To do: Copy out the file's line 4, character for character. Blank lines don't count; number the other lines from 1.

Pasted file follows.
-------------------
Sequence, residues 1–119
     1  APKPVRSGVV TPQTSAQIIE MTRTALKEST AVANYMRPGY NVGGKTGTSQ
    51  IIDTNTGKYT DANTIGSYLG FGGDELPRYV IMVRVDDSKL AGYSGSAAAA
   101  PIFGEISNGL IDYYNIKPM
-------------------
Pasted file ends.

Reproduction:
   101  PIFGEISNGL IDYYNIKPM